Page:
Album Review: Beach House—“Depression Cherry” & “Thank Your Lucky Stars”

By Jamil Fiorino-Habib

When a band as prolific as Beach House surprises their fans with two albums within almost two months of each other, surely there must be some grand motivation behind their artistic scheme. Even still, I’m trying to figure out what these albums mean in the grander scheme of their discography. While these albums still share in Beach House’s distinctive carnivalesque sound, it seems that most of the light whimsy that was developed between Teen Dream and Bloom has quickly spiralled away. These albums are coming from a place of fatalistic self-reflexivity, as the band is becoming increasingly aware of the hardships and melancholy of growth and endurance.

Depression Cherry begins with the promise of a journey, as our ears are lifted away by the iconically airy Beach House keyboard synths. It gives the feeling that you’re being charged up with layers of sonic energy to be propelled even further. Many songs in the album have that beautifully pronounced sense of movement, which helps steady the pace. However, the ethereal build of “Levitation” should have led straight into “Space Song”. Instead, the initial sentiment is ruined by the jarring noisiness of “Sparks” which sounds out of place in Depression Cherry–a case of “one of these kids is not like the other.”

Album art for Depression Cherry

Album art for Depression Cherry

To me, “Space Song” is a soaring achievement, and one of the top tracks that should be taken away from these two albums. I always look for the sensation of an album, where an album transports me when I close my eyes. To me, that’s the most affective thing a good piece of music can do. Maybe I have a personal bias from my experience with this piece, but it did exactly what it promised; it took me to space. “Space Song” is a prime example of how musicality and lyricism can merge to create powerful effects. I remember listening to this song while riding my bike at midnight under a canopy of trees elated by pure freedom. I felt like Steven Spielberg could have sent my bike flying in the air and I wouldn’t even think twice. “Space Song”’s gorgeously whirling melody never solidifies on any specific note and wavers around, leaving you hanging on in the best possible way.

The album always maintains a balance in its sounds. Heavy and light (bitter and sweet) are always in precise proportion to each other. Elongated, drawn out bass lines and brittle guitar work, like in “Beyond Love”, subtly drags and swirls the ear along juxtaposing registers. As in every Beach House album, their special ability to create beautiful melodies is what makes them so talented. So too, the drumming in Depression Cherry is skillfully crafted across the board. The drums are less booming than previous albums, and are used sparingly, which makes their addition in songs so much more impactful. They always ensure they never tip that balance.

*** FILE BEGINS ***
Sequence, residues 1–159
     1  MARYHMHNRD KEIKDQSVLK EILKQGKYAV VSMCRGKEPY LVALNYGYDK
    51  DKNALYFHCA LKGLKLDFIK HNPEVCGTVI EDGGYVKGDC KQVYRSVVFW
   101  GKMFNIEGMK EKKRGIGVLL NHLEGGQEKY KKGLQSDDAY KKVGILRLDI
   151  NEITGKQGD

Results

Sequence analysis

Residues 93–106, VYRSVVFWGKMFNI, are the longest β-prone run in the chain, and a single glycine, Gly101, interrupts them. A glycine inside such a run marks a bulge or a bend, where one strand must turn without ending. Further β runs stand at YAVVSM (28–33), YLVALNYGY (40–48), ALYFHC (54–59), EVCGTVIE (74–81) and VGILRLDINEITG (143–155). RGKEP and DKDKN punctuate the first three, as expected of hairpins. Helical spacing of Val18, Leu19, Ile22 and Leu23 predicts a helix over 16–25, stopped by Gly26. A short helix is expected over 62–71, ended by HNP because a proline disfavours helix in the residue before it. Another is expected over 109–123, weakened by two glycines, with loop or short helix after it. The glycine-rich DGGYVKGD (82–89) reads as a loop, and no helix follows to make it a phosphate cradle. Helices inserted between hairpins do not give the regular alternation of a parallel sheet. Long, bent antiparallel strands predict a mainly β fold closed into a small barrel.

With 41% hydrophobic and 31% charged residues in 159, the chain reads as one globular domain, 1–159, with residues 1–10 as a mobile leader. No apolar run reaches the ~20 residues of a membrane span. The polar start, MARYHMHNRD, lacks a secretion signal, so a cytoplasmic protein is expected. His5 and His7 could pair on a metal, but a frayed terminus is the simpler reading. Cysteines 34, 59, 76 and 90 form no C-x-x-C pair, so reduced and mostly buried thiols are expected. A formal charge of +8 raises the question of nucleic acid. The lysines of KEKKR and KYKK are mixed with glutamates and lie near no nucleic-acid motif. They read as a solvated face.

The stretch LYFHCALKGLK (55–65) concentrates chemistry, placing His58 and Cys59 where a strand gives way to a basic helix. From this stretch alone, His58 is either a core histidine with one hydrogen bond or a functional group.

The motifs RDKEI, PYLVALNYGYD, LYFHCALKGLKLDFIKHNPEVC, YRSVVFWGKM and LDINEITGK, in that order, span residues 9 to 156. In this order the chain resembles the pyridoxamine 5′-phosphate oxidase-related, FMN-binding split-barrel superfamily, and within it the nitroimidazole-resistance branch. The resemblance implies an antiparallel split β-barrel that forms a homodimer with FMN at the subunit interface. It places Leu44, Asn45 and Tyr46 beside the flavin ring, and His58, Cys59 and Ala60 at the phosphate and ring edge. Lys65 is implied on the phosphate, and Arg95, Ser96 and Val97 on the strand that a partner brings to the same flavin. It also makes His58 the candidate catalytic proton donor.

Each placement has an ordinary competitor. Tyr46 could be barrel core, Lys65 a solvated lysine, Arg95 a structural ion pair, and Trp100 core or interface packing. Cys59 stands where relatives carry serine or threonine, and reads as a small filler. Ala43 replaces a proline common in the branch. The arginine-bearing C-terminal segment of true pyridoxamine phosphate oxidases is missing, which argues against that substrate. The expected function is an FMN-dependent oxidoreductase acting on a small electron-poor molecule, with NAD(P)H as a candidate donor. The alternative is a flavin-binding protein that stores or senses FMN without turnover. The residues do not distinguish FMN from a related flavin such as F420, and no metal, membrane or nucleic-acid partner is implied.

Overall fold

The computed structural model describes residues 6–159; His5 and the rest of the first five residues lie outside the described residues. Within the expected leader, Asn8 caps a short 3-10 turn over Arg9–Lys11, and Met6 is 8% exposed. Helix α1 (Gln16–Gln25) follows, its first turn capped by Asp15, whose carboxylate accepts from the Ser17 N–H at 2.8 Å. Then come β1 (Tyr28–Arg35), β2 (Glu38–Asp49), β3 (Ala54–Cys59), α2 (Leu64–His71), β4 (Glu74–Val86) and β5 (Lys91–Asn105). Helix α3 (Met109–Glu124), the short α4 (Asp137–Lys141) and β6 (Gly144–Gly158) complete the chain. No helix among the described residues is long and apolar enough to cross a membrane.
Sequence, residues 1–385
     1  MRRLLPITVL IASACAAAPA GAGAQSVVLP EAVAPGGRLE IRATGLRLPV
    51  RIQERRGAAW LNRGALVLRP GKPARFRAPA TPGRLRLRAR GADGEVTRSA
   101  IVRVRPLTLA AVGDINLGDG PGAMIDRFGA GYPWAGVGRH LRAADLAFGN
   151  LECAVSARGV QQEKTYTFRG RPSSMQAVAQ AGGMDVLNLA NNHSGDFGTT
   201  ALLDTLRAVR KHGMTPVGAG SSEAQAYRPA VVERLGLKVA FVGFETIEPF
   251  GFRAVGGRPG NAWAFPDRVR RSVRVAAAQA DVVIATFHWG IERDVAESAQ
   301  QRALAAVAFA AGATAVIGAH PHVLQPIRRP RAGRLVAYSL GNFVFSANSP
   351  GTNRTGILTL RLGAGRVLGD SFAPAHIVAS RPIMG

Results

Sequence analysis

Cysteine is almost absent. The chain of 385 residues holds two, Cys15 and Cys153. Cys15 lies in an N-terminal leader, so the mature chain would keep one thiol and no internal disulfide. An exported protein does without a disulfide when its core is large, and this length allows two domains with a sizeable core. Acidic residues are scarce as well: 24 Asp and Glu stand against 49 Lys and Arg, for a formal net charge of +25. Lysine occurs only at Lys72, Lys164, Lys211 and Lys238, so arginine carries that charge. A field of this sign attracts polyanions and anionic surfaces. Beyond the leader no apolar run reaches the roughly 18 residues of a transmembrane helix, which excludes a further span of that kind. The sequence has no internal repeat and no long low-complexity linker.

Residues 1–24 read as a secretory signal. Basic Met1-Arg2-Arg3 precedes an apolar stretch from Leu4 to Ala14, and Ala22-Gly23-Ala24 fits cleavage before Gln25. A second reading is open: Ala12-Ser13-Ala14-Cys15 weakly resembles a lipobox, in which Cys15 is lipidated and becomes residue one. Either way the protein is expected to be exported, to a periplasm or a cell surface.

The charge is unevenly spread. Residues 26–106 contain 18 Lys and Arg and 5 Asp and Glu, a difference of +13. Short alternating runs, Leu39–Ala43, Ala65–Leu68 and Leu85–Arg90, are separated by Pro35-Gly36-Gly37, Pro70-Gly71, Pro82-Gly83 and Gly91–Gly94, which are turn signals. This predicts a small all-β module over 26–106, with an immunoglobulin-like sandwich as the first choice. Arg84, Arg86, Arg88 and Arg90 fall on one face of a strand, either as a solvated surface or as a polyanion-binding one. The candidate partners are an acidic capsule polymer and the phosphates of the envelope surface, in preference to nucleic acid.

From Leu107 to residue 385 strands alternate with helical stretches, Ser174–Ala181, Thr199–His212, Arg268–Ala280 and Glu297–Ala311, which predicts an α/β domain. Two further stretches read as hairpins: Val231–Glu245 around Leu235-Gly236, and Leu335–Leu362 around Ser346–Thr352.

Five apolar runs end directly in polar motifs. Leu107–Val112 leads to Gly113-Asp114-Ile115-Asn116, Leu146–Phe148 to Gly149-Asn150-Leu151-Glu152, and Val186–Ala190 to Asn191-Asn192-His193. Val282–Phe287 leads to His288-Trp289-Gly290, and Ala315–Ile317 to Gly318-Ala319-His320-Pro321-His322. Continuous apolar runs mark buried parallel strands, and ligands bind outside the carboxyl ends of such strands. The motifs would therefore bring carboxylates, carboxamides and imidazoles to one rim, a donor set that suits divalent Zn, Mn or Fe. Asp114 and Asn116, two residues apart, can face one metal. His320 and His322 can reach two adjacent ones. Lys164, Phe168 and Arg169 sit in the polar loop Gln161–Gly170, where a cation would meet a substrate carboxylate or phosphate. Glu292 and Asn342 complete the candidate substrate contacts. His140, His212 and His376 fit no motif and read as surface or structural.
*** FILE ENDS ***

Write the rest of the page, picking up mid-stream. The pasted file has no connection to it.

The journey concludes, albeit a bit too soon with the lucid reverie of “Days of Candy”. Even Victoria Legrand makes sure you are aware “it comes too soon”. The track takes on a sacred quality from the chorus of voices, encapsulating the listener as if they were in a grand cathedral. By now we have arrived at a destination of transcendental spiritual clarity. It truly is a wonderful end to the album, and has one of the most distinctive intros of any Beach House song. I love the sound of the shattering cymbals near the end of the piece, evoking the image of the cathedral’s crystalline stained glass breaking apart, as the song slowly crumbles and dissolves away. “Just like that, it’s gone”.

But not gone for very long. You might want to Thank Your Lucky Stars they surprised us with another album so quickly. Beach House made themselves clear, this isn’t a sequel to Depression Cherry, it isn’t a B-sides collection –it makes its own mark in their discography. Even the pattern of minimalist album art that characterized the last three albums was suddenly changed to a black and white photograph of a young girl and her doll who looks strangely like a young version of Legrand. Visually, musically and even from a business standpoint, this album is an obvious departure from the others. If they were trying to experiment with a different sound, why not just launch it right at us, without even giving us time to question.